Managing the natural environment

The role of park rangers and the skills they need

Research output: Contribution to journalArticle

1 Citation (Scopus)

Abstract

The paper explores the roles and skills needed by park rangers in today's challenging work environment. Data from semi-structured interviews with 20 park rangers from NSW, and 14 from Victoria was analyzed using the frameworks widely cited in the management literature as a frame of reference. From this data it was possible to identifythe situational and contextual circumstances that make the role of a protected area manager unique. The ability to makesound decisions about resource allocations, acting as spokesperson to manage community expectations, using flexibility to implement policy, and leading projects involving various people are particularly important roles. The skills most commonlyidentifi ed were not the technical skills such as managing plants or animals but skills such as priority setting, multi-tasking,and communication. The results are very different to the iconic image of a ranger as someone in the outdoors dealing withanimals. In comparing this data with other studies, I conclude context is a critical factor affecting the particular set of roles and skills needed by people in the workplace. I further suggest that the key contextual factor related to the roles and skills needed by rangers is the increasing polarization of environmental issues within the wider community and that training needs to focus more on non-technical skills.
Original languageEnglish
Pages (from-to)242-250
Number of pages9
JournalRural Society
Volume22
Issue number3
DOIs
Publication statusPublished - Jun 2013

Fingerprint

resource allocation
workplace
environmental issue
protected area
polarization
communication
animal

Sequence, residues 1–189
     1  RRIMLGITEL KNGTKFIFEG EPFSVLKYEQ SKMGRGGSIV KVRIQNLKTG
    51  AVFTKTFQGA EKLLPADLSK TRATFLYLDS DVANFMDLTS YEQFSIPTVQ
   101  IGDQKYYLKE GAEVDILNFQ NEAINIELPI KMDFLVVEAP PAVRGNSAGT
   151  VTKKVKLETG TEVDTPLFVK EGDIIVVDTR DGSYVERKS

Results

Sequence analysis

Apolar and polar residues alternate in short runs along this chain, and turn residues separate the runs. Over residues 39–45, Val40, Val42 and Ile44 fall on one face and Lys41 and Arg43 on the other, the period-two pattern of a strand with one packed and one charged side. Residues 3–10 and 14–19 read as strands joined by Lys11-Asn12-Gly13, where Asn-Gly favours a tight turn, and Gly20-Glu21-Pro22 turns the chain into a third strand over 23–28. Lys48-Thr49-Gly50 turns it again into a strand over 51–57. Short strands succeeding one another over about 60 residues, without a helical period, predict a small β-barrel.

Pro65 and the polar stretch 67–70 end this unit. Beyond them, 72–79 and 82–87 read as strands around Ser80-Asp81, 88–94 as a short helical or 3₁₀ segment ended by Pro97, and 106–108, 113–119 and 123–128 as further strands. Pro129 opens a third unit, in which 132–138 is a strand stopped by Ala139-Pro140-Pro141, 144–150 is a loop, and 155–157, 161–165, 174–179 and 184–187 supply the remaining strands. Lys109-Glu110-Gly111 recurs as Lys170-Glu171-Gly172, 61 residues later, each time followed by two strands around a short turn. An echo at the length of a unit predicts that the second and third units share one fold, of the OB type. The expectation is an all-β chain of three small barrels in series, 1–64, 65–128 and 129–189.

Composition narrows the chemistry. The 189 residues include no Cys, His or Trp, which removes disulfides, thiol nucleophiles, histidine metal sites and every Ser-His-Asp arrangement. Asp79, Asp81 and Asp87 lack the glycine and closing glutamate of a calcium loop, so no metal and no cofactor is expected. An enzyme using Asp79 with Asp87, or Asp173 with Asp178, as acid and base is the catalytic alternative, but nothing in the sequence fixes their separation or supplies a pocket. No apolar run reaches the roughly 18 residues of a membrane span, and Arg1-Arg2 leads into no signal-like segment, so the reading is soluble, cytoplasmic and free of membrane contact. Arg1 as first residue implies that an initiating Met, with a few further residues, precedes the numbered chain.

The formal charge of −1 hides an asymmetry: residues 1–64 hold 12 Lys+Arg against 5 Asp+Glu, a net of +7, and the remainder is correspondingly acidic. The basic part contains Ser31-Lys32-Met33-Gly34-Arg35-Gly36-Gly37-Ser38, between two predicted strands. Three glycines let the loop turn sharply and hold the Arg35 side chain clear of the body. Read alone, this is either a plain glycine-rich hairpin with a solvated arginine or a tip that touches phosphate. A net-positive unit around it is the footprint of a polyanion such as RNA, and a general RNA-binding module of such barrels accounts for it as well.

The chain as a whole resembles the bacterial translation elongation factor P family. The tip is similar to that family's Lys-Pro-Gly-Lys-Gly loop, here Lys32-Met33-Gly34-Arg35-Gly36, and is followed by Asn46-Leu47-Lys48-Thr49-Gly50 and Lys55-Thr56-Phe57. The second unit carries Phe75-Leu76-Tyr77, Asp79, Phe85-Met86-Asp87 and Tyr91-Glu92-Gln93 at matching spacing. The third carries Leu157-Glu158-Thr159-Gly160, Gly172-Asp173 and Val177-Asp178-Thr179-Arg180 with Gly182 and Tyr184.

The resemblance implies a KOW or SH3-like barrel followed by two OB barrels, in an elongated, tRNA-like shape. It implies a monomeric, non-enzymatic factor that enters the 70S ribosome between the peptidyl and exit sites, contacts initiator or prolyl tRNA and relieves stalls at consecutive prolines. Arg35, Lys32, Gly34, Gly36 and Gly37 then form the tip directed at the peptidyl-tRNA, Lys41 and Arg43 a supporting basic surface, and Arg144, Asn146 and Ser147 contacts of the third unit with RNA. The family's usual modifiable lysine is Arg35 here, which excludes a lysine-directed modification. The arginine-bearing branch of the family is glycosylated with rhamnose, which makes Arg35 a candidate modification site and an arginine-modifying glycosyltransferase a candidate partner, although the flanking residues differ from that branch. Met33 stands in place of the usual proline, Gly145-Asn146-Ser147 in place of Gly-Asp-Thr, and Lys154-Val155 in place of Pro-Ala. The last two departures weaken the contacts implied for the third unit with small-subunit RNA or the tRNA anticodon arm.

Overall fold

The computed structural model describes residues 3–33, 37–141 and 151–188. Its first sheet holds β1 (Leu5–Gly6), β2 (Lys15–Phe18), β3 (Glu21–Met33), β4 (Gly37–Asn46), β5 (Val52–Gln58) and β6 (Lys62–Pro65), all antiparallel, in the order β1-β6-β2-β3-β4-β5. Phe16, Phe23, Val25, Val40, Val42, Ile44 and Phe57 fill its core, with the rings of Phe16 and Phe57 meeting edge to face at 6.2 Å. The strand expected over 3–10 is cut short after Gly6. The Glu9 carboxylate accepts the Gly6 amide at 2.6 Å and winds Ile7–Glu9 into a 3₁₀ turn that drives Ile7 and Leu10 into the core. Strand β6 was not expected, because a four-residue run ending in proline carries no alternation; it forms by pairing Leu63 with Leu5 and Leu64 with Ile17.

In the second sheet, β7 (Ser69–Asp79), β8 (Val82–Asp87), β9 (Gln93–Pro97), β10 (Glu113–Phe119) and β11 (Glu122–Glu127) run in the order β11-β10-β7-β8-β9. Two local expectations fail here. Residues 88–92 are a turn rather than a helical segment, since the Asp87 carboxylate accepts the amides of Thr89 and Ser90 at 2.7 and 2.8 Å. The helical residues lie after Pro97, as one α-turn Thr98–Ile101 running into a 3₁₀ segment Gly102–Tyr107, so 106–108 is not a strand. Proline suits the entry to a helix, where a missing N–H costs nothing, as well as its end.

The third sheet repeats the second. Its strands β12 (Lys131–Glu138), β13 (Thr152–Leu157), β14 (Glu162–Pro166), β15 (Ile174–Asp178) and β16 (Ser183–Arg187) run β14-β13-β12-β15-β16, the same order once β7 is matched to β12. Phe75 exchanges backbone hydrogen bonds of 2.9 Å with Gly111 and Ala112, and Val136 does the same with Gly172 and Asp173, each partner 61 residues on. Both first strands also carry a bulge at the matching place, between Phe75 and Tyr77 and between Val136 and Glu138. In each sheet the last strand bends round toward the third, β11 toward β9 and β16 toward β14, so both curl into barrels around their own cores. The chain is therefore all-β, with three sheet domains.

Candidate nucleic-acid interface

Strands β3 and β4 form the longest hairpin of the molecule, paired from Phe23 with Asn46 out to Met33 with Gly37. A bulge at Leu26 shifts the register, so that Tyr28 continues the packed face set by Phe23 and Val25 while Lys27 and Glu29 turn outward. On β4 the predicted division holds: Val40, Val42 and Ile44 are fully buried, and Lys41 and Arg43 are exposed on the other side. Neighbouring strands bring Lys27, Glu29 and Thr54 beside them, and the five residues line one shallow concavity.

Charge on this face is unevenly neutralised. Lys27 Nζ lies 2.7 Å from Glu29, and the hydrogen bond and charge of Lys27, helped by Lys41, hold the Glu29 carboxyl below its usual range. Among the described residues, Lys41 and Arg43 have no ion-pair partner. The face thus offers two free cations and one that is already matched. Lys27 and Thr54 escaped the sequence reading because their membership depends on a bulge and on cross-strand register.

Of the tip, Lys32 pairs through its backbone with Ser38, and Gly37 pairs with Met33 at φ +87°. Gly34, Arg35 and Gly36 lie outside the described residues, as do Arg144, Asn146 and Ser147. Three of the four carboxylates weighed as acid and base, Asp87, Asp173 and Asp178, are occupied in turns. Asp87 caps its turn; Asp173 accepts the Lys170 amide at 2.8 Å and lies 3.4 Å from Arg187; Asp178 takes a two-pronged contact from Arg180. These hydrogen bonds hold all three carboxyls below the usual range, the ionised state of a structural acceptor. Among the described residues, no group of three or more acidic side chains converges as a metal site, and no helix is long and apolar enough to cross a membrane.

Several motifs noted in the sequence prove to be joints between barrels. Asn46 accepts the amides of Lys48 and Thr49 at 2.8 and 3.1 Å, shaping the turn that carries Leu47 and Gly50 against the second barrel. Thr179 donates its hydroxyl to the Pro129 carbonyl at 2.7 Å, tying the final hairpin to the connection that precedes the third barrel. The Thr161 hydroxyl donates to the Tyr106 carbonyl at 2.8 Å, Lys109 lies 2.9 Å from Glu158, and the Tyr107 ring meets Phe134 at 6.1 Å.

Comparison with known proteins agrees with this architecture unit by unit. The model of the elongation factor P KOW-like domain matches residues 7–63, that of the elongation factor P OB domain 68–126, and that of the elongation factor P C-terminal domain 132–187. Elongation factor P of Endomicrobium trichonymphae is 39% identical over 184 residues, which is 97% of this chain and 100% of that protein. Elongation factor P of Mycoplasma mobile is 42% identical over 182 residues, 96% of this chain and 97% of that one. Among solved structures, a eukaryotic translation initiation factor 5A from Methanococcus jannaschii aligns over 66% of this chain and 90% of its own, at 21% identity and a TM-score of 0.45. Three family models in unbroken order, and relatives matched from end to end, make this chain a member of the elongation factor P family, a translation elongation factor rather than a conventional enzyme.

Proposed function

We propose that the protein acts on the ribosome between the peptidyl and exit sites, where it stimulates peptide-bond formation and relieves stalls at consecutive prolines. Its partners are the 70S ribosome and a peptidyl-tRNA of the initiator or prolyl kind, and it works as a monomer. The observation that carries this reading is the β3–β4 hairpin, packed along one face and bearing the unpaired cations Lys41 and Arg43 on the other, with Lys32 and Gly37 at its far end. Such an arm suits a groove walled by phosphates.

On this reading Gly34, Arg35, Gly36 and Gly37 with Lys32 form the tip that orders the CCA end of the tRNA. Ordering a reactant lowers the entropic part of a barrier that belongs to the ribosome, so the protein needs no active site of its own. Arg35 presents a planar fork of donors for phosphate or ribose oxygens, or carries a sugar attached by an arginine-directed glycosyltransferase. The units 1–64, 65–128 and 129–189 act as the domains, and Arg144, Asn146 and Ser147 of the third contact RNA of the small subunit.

need
natural environment
Natural environment
decision
project
policy
Animals
Environmental issues
Resource allocation
Critical factors
Structured interview
Polarization
Work place

Cite this

@article{25d05c8ab70141219fb4e30081b8dac7,
title = "Managing the natural environment: The role of park rangers and the skills they need",
abstract = "The paper explores the roles and skills needed by park rangers in today's challenging work environment. Data from semi-structured interviews with 20 park rangers from NSW, and 14 from Victoria was analyzed using the frameworks widely cited in the management literature as a frame of reference. From this data it was possible to identifythe situational and contextual circumstances that make the role of a protected area manager unique. The ability to makesound decisions about resource allocations, acting as spokesperson to manage community expectations, using flexibility to implement policy, and leading projects involving various people are particularly important roles. The skills most commonlyidentifi ed were not the technical skills such as managing plants or animals but skills such as priority setting, multi-tasking,and communication. The results are very different to the iconic image of a ranger as someone in the outdoors dealing withanimals. In comparing this data with other studies, I conclude context is a critical factor affecting the particular set of roles and skills needed by people in the workplace. I further suggest that the key contextual factor related to the roles and skills needed by rangers is the increasing polarization of environmental issues within the wider community and that training needs to focus more on non-technical skills.",
keywords = "National parks, Park rangers, Workplace role, Workplace skills",
author = "Jonathon Howard",
note = "Imported on 12 Apr 2017 - DigiTool details were: month (773h) = June, 2013; Journal title (773t) = Rural Society: the journal of research into rural and regional social issues in Australia. ISSNs: 1037-1656;",
year = "2013",
month = "6",
doi = "10.5172/rsj.2013.22.3.242",
language = "English",
volume = "22",